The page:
Prokofiev, Rachmaninov, Tschaikowsky

Although not at all a fan of the Bolshoi, which has fallen to a level of petty bickering and political intrigue (with accompanying collapse in musical quality) that should only be possible in an Italian opera house, I decided to attend a concert by the Bolshoi Orchestra in the Tschaikowsky Concert Hall this evening for the chance to hear some less-performed music under the baton of Aleksandr Lazarev: a suite from Prokofiev’s Cinderella and Rachmaninov’s Symphony #1.

The Prokofiev suite, in an arrangement by Lazarev himself, opened with the sort of muddy string playing I have come to expect from this orchestra.  However, under Lazarev’s enthusiastic direction, the playing did improve somewhat, especially when the winds got to join in.  It is easy to forget that this orchestra, besides being an opera orchestra, is also a ballet orchestra.  So if it can do very little else, at least it can dance.  Lazarev helped it along by himself dancing wildly all over the podium.  At several points, he got himself spun completely around so that he had turned his back completely on the orchestra and appeared to be trying to conduct the audience.  He also sprung himself off the podium a couple of times, once dividing the first and second violins from each other, another time appearing to help out a cellist in the third row.  This may have been the best I have heard this orchestra sound, although someone really should put those murky strings out of their misery.

The dancing continued after the intermission, even though the music became moodier.  The Rachmaninov Symphony #1 is an odd work – the composer’s first attempt at major symphonic music, and although he had already done quite a bit of composition, including an opera, this piece could have used some more maturing.  Part of this has to do with its unfortunate history, which meant it was never properly edited: its premiere under the baton of Aleksandr Glazunov was an unmitigated disaster.  Glazunov, who made such overwhelmingly positive contributions to music through his teaching, mentoring, administration, composing, and willingness to stand up for Jewish musicians against official Russian anti-Semitism, was not a talented conductor.  So, for the premiere of this symphony in 1897, Glazunov failed to rehearse the orchestra properly, preventing Rachmaninov from making the late edits that most composers do during the rehearsals before premieres, and Glazunov also showed up for the actual concert already heavily drunk.  As a result, the symphony received such awful reviews that Rachmaninov withdrew the orchestral score, which he buried in his desk, and then gave up composing completely for three years.  He intended to revise the work, but never got around to it, and the orchestral score eventually vanished.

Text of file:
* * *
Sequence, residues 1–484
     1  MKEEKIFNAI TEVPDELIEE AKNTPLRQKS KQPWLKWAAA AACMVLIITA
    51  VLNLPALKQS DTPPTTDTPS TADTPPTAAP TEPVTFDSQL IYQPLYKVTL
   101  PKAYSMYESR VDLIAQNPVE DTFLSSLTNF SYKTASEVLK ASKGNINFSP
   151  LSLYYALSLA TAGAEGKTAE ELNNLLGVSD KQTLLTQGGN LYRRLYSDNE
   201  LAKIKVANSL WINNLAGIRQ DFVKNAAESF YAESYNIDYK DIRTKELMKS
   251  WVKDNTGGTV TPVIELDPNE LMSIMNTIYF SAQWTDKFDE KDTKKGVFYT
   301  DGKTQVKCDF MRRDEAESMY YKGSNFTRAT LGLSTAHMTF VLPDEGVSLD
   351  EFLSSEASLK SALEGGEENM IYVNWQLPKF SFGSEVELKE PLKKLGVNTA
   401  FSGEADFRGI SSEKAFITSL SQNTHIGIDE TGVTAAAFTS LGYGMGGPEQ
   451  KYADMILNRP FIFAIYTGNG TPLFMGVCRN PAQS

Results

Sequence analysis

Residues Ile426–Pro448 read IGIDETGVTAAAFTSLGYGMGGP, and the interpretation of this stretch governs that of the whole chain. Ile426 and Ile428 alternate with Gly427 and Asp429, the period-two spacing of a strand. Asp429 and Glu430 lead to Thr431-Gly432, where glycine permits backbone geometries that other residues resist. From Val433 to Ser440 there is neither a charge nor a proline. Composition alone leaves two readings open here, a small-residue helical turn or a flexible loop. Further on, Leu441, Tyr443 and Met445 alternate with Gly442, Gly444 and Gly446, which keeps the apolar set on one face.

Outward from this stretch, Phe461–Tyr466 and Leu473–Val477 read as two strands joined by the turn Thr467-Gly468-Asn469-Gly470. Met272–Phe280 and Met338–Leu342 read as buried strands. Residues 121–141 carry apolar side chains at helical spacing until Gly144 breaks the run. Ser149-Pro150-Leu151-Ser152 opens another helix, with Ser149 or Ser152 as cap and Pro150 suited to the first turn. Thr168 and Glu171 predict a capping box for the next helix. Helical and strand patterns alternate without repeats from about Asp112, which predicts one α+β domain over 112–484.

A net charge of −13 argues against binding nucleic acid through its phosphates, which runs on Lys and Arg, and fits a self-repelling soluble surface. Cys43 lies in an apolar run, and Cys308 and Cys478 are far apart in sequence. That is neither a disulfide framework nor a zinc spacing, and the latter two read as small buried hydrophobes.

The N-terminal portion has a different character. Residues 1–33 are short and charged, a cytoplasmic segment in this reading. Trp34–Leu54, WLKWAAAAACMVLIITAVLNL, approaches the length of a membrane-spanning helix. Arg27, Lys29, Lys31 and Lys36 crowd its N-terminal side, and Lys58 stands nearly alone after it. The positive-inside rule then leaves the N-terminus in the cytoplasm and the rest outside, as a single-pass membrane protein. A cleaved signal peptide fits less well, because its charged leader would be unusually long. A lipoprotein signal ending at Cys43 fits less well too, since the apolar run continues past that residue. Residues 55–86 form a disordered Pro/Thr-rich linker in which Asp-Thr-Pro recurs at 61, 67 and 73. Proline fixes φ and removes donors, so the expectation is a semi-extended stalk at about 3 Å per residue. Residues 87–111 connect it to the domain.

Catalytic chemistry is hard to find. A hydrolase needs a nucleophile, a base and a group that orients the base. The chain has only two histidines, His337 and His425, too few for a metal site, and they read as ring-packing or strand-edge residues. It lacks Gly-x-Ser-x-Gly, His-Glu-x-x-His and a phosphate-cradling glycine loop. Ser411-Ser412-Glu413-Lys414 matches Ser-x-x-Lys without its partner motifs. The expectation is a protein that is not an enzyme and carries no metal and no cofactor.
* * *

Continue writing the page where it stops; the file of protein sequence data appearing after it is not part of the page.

After the composer’s death, the piece was reconstructed based on the individual instrumental scores (all of which had survived because Rachmaninov had forgotten to collect them and someone randomly stuffed them in a library where they sat for almost half a century) and enjoyed a bit of a renaissance – in fact, its US premiere by Eugene Ormandy and the Philadelphia Orchestra was part of the first complete symphony concert ever to be broadcast on live television.  It is a shame the composer never got around to revising the score: it has its brilliant and exciting moments, but these are connected by some rather dull bits which could have used some tightening.  Lazarev tried valiantly tonight, although a better orchestra might have helped.

Lazarev remains clearly very popular with the Moscow public, receiving prolonged and roaring applause.  He kept sneaking to the side of the stage to try to deflect the applause to the orchestra (the way a grade school conductor might, to indicate the audience should express its amazement that the children actually know how to hold their instruments – the Bolshoi Orchestra is not that bad, but given that it is the Bolshoi it really should sound much better than it does).  However, it was absolutely apparent that the audience was crying out for Lazarev and not for the orchestra.  Lazarev obliged everyone with an encore, something the Bolshoi Orchestra could not easily miss: the Adagio from Sleeping Beauty by Tschaikowsky.

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